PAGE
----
The Stanley Parable, on the other hand, works deliberately to turn the paradigm of narration on its head. Where Rucks, in Bastion, frequently alluded to how many secrets he was yet to reveal about himself and the game-world, his character ultimately plays a supportive role, helping The Kid to understand the chaotic environment of the game. The narrator in The Stanley Parable, however, plays the antagonist in many ways, attempting to foreshadow and predetermine the actions of the player, or “Stanley.” On the game’s website, a short sentence contextualizes the endeavor, “The Stanley Parable is a Half Life 2 mod about video games.” The game itself is a mod of the “Source engine,” which runs both Half-Life 2, and Portal, was developed by the very small development team of Davey Wreden and William Pugh, and released for free. It is meta-fiction that stages a critique of the context of narrative within interactive games and fiction. Specifically, the game questions the idea of narrative itself by showcasing the ways that players are able to undermine the scripted plots and spaces of a videogame by exploring and experimenting with exploits and bugs in the game’s code and narrative.
Although the narrator in The Stanley Parable will prescribe several decisions to the player over the course of the game, the player is given the agency to contest the story as told by the narrator, and, therefore, to experiment with the plot. As the player reaches a set of two open doors on the way to the employee lounge the narrator reads, “When Stanley came to a set of two open doors, he entered the door on his left.” If the player chooses to travel through the door on the right instead, the narrator will attempt to steer the player back to the main plot tree by saying, “This was not the correct way to the employee lounge, and Stanley knew it perfectly well.” And, then as an open door is revealed, “So he turned left at the first open door, and walked back in the right direction.” If the player continues to ignore the narrator’s advice, he comes to somewhat of a dead end and the narrator reads, “Stanley was so bad at following directions, it’s incredible that he wasn’t fired years ago. Maybe this was why everyone left. No one wanted to be around someone as bad at listening as him.” The player is given several other opportunities to make decisions and lead the story to completion in achieving one of seven endings; each based the decisions the player has made when interacting with the narrator’s dialogue.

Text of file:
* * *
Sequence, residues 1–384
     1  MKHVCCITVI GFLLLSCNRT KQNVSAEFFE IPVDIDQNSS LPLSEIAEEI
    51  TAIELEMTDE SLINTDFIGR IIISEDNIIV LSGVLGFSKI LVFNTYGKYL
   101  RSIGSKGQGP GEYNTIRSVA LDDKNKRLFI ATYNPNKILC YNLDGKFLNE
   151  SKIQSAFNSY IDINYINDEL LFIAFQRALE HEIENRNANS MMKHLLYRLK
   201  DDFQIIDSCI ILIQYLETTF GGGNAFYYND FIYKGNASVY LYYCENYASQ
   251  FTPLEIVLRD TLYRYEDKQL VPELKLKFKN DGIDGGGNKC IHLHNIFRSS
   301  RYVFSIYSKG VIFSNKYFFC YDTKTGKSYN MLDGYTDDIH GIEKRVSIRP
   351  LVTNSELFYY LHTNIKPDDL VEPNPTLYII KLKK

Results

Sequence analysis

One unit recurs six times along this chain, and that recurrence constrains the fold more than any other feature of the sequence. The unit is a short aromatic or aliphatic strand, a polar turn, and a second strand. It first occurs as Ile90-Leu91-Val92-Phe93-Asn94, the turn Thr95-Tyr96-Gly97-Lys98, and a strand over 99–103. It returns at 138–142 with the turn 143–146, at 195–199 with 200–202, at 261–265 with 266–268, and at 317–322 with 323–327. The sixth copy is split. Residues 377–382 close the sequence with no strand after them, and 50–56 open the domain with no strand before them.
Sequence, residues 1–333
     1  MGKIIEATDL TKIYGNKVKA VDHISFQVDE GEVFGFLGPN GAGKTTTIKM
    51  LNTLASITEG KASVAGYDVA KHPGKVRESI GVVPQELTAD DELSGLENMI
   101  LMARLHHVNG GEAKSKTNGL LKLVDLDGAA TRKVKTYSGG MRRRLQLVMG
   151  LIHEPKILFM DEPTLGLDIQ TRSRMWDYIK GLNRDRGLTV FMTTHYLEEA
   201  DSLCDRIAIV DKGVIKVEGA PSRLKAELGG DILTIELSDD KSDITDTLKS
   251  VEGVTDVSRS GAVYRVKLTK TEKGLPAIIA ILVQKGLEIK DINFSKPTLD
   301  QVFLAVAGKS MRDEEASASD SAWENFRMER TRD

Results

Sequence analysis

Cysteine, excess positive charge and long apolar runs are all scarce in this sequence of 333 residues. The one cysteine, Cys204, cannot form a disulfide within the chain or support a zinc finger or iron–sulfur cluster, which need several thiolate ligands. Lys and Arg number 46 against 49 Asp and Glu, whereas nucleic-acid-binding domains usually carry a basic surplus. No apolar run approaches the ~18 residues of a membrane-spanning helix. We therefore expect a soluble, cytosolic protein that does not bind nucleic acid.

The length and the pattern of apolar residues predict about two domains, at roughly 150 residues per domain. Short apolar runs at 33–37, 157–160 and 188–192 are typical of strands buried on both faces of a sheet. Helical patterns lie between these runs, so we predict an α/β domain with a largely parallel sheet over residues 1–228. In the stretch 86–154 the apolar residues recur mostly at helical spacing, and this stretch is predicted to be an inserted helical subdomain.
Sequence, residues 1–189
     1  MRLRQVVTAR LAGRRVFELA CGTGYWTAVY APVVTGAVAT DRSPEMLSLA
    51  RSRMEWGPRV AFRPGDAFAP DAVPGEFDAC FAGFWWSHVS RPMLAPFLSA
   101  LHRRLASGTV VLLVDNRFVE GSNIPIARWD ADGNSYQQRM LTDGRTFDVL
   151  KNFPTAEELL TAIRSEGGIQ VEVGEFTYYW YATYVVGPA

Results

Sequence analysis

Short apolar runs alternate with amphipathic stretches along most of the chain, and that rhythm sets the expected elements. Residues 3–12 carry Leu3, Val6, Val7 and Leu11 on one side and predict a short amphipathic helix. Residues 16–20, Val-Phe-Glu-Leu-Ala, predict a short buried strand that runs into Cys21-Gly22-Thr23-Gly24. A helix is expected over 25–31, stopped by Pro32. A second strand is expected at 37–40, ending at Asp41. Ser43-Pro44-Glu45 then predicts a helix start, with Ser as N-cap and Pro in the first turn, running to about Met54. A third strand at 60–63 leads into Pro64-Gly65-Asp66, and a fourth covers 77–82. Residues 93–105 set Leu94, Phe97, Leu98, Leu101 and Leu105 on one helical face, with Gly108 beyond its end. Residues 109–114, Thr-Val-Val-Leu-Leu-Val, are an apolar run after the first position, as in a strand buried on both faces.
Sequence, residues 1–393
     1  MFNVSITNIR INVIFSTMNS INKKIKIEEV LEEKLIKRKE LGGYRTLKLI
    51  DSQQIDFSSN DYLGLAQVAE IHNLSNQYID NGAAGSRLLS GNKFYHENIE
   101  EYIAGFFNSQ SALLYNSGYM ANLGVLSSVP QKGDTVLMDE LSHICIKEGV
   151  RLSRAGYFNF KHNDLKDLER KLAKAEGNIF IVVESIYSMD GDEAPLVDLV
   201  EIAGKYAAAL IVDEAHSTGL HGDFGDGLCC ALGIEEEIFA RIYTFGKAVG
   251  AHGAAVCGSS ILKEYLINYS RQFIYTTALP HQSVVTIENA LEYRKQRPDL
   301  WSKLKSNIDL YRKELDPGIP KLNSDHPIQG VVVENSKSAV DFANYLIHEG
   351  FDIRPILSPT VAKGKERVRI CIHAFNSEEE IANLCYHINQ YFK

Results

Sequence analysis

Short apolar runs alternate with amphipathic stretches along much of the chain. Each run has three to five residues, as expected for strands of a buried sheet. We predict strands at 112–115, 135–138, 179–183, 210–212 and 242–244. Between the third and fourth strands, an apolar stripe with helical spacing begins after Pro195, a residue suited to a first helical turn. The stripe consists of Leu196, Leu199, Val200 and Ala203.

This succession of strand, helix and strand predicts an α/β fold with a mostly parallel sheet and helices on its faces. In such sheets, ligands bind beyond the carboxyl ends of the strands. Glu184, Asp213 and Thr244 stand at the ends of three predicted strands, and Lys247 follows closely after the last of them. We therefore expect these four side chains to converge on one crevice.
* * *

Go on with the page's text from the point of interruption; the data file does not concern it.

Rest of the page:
The Stanley Parable allows players the agency to see the limitations of linear storytelling where Bastion does not. Where some paths in The Stanley Parable will lead the player into direct conflict with the narrator, other paths do not. There is never a point where the narrator ceases to comment on the player’s actions and activities. Because the sonic feedback of surveillance remains a constant in both games the player remains engaged, in both cases, with the logic of the game-system. In other words, no matter how many times the player defies the narrator in The Stanley Parable, it never seems like the game is breaking. The game world remains constant because the motif of surveillance holds; players know the game still works because the narrator continues to stage commentary – even if it is commentary about the player’s failure to keep to the plot.
For Marc Andrejevic, author of iSpy (2007)–who has written extensively about the abundance of surveillance techniques implemented in digital spaces–the danger of surveillance lies in the production of an asymmetrical power relationship between media producer and media consumer. And, while this is certainly best argued about instances of dataveillance–how companies like Amazon, for example, track customer clicks on and off their website via web cookies in order to better produce exploitable (and in some cases saleable) consumer profiles–it is important to also consider the ways that the implementation of sound also functions as a technique of control.
At its most positive, the sonic panopticism of Bastion and The Stanley Parable offer players a sense of comfort in knowing that the game is operating properly, and not glitching out. Further, players are invited into a more immersive game, which leverages both visual and audio interactivity to lull players into an environment of almost trancelike feedback and play. Clearly, this is the promise of good sound design; it gently alerts players to the presence of a tightly designed and well-implemented game, and produces affects of brand loyalty and trust within a game’s player contingent.